Narrator: This is Science Today. Laughter has often been linked to good physical and emotional health. But such positive emotion during bereavement has never before been thought to be healthy. That is until University of California, Berkeley psychologist Dacher Keltner found people who could laugh six months after the death of a spouse, did much better later on in the grieving process than those who showed anger.
Keltner: Clinical practice may dwell on sort of revisiting the negative emotions and anger and injustice about a death. Our findings raise a question which is, we need to address whether that's a healthy practice or not and ours is some of the first evidence that raises that question of whether this is a salutary practice.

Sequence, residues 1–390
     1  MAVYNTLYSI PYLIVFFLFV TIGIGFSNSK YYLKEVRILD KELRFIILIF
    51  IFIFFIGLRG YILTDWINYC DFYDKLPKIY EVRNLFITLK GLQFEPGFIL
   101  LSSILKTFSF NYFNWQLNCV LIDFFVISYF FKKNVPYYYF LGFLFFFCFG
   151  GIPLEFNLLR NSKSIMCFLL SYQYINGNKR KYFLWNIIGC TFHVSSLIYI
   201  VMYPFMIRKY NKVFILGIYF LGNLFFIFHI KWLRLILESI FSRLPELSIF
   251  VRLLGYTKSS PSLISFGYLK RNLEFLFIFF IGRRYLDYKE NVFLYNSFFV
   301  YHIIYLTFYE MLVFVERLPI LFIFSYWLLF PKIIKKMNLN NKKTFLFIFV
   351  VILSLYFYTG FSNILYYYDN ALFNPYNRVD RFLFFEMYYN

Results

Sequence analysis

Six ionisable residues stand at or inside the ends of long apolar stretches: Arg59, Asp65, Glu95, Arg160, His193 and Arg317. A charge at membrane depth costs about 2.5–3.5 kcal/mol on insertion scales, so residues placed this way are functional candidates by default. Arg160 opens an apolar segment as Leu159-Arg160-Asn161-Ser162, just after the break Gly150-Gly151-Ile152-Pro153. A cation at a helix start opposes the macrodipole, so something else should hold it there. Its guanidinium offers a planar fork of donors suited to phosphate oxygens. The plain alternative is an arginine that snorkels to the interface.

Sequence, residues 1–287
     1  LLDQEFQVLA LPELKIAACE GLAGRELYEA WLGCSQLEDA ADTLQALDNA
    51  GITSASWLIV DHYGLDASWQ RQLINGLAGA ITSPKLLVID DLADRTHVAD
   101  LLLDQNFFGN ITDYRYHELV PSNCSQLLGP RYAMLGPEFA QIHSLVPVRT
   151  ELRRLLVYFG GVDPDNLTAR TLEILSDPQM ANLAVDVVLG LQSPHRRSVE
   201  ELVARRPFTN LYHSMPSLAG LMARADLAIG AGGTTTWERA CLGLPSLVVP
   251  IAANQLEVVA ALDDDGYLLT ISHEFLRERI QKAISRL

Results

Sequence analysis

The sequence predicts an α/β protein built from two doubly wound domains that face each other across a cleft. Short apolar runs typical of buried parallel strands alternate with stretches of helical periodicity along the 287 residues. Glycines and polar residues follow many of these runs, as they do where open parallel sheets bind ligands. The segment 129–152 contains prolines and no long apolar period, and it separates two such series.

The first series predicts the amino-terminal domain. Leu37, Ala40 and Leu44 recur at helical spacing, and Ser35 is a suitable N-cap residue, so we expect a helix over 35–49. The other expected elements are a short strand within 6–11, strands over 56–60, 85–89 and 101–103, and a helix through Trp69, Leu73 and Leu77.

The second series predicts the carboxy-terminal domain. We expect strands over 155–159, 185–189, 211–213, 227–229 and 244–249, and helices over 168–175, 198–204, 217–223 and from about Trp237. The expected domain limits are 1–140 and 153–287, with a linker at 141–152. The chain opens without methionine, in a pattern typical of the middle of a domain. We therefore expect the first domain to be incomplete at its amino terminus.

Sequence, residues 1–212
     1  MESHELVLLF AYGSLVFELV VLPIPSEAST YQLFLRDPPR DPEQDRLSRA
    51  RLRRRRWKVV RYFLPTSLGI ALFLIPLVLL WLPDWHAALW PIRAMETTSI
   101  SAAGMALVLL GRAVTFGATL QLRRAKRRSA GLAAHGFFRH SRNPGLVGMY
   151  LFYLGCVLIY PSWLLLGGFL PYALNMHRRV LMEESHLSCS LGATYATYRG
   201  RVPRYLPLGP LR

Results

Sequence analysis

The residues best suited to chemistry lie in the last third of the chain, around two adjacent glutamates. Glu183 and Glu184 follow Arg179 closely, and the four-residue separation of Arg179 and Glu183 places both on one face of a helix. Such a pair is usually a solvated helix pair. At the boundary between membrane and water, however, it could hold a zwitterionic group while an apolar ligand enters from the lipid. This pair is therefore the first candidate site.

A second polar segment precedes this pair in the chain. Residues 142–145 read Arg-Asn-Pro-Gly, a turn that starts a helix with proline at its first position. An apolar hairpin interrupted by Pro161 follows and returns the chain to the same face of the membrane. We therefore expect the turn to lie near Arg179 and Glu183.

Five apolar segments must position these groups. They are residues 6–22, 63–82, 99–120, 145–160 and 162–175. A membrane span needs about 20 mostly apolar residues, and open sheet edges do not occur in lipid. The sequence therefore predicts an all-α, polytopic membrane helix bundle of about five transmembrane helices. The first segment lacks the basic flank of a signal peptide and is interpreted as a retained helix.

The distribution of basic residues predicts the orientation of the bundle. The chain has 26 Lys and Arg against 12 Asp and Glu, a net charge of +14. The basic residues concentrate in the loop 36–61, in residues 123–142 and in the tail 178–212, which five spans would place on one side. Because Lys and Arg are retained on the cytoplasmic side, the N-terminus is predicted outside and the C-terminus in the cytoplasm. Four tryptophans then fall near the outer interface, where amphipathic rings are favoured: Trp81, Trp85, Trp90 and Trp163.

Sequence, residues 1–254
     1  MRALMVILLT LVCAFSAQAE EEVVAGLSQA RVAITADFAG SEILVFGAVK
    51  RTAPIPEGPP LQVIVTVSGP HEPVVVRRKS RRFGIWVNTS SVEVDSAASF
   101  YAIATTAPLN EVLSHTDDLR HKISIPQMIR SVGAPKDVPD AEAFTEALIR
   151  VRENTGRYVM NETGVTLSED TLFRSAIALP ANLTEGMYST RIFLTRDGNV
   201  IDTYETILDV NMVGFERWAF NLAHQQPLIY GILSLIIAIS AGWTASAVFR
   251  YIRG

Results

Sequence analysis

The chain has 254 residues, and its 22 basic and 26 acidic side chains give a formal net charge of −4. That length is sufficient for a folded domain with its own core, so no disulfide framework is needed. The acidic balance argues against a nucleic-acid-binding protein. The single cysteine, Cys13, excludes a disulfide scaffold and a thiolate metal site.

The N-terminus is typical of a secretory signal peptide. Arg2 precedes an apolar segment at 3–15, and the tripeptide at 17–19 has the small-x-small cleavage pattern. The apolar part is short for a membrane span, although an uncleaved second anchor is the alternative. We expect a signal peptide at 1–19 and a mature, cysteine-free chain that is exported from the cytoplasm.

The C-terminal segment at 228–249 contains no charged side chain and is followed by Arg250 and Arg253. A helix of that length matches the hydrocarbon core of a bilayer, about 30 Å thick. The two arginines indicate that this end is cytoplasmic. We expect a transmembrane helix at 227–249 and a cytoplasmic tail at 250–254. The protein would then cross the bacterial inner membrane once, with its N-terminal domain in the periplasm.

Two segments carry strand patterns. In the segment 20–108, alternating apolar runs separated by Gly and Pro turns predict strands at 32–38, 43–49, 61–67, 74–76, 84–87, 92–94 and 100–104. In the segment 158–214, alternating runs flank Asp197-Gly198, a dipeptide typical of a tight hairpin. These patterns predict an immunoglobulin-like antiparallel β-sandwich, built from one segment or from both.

Narrator: Other studies have shown laughter improved functioning in those with breast cancer, marital stress and job-related problems.
Keltner: So I think our findings fit into a very nice clinical literature that attests to the benefits of laughter.
Narrator: For Science Today, I'm Larissa Branin.